CLEVELAND — Ohio is seeing a welcome trend, with fewer than 3,500 active coronavirus hospitalizations for seven consecutive days.
The Cleveland Clinic and University Hospitals Cleveland Medical Center are following the same trend, according to doctors. Currently, there are fewer than 400 COVID-19 hospitalizations at the Clinic, which is a stark difference from the 800 patients within the system in December.
COVID 19 IN OHIO: The latest number of reported cases and trends
"It's good news to see the numbers come down," Clinic MICU Director Dr. Eduardo Mireles told 3News. "It makes everyone breathe and look towards the future, and it's not time to let go because the system is still strained."
At UH Cleveland Medical Center, virus hospitalizations have slowly dropped since November, according to COO Dr. Robyn Strosaker.
"Our numbers right now are less than half of what they were at Thanksgiving," she said. "We are hoping this trend continues because it's really a nice downward slope, and it's been slow and steady since the end of November."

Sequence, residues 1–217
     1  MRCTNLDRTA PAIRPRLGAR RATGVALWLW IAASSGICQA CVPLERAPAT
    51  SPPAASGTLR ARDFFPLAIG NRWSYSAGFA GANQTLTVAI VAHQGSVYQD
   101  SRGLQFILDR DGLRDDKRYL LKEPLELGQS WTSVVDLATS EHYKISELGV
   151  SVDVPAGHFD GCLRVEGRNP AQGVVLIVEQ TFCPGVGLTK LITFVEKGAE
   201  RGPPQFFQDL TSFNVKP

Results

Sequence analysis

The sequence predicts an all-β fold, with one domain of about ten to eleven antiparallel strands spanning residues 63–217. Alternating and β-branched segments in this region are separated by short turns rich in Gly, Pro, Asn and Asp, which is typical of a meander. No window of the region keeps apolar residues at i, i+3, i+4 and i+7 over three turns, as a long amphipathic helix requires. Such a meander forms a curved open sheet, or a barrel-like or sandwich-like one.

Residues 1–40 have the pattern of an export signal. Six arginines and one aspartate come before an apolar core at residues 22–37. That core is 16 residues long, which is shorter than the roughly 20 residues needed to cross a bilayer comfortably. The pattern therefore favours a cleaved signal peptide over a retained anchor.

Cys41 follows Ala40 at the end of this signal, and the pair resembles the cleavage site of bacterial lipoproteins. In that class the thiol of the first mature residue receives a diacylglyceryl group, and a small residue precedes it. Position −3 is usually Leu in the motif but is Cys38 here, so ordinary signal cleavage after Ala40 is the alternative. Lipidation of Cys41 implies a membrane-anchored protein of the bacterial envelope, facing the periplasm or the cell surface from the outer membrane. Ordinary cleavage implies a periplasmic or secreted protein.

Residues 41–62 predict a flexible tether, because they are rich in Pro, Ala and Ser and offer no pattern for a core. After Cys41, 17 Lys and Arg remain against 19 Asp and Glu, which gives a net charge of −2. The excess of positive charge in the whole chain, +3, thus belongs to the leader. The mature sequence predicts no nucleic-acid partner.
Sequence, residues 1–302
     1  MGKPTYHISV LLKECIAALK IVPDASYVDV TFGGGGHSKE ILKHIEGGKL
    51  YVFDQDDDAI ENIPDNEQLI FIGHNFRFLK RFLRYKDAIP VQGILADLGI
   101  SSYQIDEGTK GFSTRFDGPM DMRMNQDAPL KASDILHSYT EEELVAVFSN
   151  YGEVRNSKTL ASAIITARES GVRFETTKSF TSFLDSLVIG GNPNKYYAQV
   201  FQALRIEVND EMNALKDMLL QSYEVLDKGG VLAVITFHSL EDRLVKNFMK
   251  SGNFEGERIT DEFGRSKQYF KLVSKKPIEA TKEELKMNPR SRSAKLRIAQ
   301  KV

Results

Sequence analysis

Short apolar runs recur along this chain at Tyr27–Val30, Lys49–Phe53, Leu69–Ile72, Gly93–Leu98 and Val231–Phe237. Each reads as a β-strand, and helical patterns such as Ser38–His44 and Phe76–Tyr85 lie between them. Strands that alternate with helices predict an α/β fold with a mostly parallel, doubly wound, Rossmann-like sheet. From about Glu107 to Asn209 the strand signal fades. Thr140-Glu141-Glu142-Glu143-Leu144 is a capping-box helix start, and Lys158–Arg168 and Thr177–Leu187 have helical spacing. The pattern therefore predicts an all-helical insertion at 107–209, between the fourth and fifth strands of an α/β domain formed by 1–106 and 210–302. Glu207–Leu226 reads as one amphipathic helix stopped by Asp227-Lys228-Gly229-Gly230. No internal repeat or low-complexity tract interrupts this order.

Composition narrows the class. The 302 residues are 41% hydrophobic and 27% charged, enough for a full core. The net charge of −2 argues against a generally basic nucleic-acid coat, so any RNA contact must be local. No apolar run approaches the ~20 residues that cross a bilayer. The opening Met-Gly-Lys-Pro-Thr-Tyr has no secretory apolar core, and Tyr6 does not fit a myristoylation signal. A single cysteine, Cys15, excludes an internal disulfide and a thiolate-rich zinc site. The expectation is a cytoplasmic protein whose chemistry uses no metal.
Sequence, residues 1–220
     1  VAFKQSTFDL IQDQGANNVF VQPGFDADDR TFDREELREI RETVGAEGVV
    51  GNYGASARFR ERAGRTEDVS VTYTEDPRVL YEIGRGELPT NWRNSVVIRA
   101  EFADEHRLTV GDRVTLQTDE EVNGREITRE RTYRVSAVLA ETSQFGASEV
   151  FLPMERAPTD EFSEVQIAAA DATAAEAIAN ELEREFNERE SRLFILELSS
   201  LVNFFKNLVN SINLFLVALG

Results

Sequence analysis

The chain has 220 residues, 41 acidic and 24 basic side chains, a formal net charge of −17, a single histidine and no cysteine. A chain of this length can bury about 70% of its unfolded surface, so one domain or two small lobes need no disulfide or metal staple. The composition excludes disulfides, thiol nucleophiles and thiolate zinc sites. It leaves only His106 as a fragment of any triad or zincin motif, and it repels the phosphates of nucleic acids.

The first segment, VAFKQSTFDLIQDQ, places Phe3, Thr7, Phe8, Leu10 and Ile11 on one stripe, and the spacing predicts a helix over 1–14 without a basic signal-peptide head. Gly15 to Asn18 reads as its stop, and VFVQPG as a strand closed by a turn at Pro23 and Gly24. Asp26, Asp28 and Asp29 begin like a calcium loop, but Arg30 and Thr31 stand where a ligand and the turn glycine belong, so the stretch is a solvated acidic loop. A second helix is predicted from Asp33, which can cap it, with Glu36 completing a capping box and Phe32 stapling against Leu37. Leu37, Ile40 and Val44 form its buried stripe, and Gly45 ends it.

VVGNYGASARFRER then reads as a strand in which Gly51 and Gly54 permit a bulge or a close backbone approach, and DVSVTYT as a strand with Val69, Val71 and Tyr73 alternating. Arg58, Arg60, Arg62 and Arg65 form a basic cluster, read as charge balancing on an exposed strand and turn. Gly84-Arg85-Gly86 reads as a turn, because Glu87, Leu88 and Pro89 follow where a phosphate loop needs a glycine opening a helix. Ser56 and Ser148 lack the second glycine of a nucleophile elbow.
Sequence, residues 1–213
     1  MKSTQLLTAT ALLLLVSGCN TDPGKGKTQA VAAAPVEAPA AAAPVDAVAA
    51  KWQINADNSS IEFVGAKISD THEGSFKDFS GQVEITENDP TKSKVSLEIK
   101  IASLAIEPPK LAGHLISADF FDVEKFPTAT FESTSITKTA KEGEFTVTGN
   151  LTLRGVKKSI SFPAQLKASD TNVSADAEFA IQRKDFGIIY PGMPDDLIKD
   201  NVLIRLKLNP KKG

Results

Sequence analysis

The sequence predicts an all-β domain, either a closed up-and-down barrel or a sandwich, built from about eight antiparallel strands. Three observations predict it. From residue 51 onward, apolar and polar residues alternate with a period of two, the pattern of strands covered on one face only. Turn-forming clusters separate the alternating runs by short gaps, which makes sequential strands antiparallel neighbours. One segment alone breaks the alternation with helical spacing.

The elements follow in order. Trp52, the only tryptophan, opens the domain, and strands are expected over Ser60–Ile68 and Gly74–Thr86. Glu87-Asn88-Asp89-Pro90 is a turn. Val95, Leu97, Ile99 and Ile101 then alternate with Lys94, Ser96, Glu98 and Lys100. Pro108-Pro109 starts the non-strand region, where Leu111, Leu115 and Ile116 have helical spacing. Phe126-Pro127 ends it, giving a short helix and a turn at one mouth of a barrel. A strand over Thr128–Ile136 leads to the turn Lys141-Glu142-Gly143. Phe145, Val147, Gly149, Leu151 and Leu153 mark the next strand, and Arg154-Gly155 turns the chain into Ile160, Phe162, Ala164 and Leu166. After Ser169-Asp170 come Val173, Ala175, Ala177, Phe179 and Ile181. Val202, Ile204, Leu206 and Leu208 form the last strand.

However, both doctors warn that current cases in Ohio are still higher than they were during the spring and early fall.
"Put that into context," Mireles said. "We feel better because the numbers are going down, but we still have more patients than we had in the first and second surge."
So why are we seeing fewer COVID-19 patients? Experts say it is due to fewer gatherings, masking up and social distancing. Both doctors we spoke to stressed we cannot contribute the decline in cases to the vaccines just yet.
"It's a little too early for vaccines," Strosaker said. "We started vaccinating hospital employees at the end of December, and you really don't get your immunity from the vaccine until two weeks after your second dose. So at UH, we've only been giving second doses for a little over a week, so it's still a little bit too early to see the effects of the vaccine."
Mireles says there are still very sick patients in the ICU who are battling the coronavirus, and now is the not the time to let our guard down. Medical professionals are also keeping an eye on several variants that could contribute to another surge.
"In order to have [cases] go completely down, we need to continue to behave the way we've been behaving now," Mireles explained.